"Ah, I understand you," and there was a quick rush of tears to her eyes. "It's of no use. I have thought of everything, but Warren's heart is set on joining his regiment in the spring."
"I know it. I have said all that I could say to a brother on the subject."
"From the first, Alford, you have tried to make the ordeal of this war less painful to me, and how well you have succeeded! You have been our good genius. Warren, in his impetuous, chivalrous feeling, would have gone into it unadvisedly, hastily; and before this might--Oh, I can't even think of it," she said with a shudder. "But years have passed since your influence guided him into a wiser and more useful course, and think how much of the time I have been able to be with him! And it has all been due to you, Alford. But the war seems no nearer its end. It rather assumes a larger and more threatening aspect Why do not men think of us poor women before they go to war?"
"You think, then, that even your influence cannot keep him from the field?"
"No, it could not. Indeed, beyond a certain point I dare not exert it. I should be dumb before questions already asked, 'Why should I shrink when other husbands do not? What would be said of me here? what by my comrades in the regiment? What would your brave father think, though he might acquiesce? Nay, more, what would my wife think in her secret heart?' Alas! I find I am not made of such stern stuff as are some women. Pride and military fame could not sustain me if--if--"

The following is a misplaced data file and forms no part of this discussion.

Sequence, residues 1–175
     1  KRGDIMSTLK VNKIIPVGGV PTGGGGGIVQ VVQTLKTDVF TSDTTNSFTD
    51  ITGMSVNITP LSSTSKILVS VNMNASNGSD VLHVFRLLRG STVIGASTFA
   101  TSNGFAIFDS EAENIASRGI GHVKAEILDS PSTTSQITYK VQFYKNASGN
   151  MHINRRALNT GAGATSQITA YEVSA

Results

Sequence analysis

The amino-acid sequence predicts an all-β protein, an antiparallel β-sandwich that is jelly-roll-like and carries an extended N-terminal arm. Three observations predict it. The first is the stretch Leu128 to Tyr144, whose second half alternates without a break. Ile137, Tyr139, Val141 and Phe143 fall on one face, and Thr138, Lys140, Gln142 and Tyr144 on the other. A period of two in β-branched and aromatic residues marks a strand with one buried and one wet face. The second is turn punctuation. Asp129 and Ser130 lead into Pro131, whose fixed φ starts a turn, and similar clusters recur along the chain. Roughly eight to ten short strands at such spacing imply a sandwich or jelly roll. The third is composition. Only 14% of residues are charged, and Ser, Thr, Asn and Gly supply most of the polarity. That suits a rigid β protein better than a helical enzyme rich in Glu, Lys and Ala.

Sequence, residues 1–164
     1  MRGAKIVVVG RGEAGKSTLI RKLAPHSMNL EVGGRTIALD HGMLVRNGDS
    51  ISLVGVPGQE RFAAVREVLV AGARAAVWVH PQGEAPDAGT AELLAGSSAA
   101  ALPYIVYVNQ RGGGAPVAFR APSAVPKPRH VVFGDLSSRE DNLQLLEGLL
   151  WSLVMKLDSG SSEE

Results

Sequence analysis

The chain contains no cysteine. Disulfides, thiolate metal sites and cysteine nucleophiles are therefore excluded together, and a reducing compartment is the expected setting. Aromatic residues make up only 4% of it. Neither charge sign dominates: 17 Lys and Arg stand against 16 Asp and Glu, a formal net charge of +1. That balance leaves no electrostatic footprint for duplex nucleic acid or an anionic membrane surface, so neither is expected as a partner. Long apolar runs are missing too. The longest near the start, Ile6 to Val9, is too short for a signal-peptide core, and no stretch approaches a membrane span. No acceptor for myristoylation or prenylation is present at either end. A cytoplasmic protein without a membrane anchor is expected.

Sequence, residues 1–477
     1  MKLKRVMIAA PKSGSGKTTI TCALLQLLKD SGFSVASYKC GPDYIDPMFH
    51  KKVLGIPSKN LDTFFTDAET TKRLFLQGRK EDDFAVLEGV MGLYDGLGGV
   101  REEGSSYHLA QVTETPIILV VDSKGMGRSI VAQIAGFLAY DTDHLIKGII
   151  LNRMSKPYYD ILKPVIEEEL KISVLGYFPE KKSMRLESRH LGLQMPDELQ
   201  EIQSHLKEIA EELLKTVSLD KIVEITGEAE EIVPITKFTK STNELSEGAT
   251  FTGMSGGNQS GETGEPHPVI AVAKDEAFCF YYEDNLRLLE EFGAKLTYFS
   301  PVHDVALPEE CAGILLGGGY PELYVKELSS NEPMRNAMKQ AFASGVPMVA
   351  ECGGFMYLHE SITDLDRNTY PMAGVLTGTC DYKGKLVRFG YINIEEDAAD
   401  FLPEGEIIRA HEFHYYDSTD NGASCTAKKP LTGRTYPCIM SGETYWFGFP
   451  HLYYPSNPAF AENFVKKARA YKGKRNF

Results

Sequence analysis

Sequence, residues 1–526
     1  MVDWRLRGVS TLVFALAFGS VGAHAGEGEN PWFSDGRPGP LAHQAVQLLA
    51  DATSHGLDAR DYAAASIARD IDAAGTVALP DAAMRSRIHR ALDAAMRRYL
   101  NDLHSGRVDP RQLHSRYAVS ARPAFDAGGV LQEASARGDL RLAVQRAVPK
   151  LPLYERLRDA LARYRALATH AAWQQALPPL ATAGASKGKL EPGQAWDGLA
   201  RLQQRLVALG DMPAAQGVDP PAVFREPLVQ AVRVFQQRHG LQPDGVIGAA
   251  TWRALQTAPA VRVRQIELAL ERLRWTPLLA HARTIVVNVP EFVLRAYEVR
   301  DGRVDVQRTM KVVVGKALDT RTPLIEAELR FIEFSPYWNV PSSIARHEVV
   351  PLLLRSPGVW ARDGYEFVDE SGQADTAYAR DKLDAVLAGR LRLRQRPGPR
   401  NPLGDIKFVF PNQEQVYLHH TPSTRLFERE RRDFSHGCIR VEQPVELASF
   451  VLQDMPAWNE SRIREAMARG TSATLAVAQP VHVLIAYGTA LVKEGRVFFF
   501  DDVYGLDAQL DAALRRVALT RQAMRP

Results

"Do not look on the gloomy side, Grace. Hilland will come out of it all a major-general."
"Oh, I don't know, I don't know. I do know that he will often be in desperate danger; what a dread certainty that is for me! Oh, I wish you could be always near him; and yet 'tis a selfish wish, for you would not count the cost to yourself."
"No, Grace; I've sworn that on the sword you gave me."
"I might have known as much." Then she added earnestly, "Believe me, if you should fall it would also imbitter my life."
"Yes, you would grieve sincerely; but there would be an infinite difference, an infinite difference. One question, however, is settled beyond recall. If my life can serve you or Hilland, no power shall prevent my giving it. There is nothing more to be said: let us speak of something else."
"Yes, Alford, one thing more. Once I misjudged you. Forgive me;" and she caused her horse to spring into a gallop, resolving that no commonplace words should follow closely upon a conversation that had touched the most sacred feelings and impulses of each heart.
For some reason there was a shadow over their parting early in the evening, for Graham was to ride toward the front with the dawn. Even Hilland's genial spirits could not wholly dissipate it. Graham made heroic efforts, but he was oppressed with a despondency which was wellnigh overwhelming. He felt that he was becoming unmanned, and in bitter self-censure resolved to remain with his regiment until the end came, as he believed would be the case with him before the year closed.
"Alford, remember your promise. We all may need you yet," were his aunt's last words in the gray of the morning.
|Art of Worldly Wisdom Daily|
In the 1600s, Balthasar Gracian, a jesuit priest wrote 300 aphorisms on living life called "The Art of Worldly Wisdom." Join our newsletter below and read them all, one at a time.
Shakespeare wrote over 150 sonnets! Join our Sonnet-A-Day Newsletter and read them all, one at a time.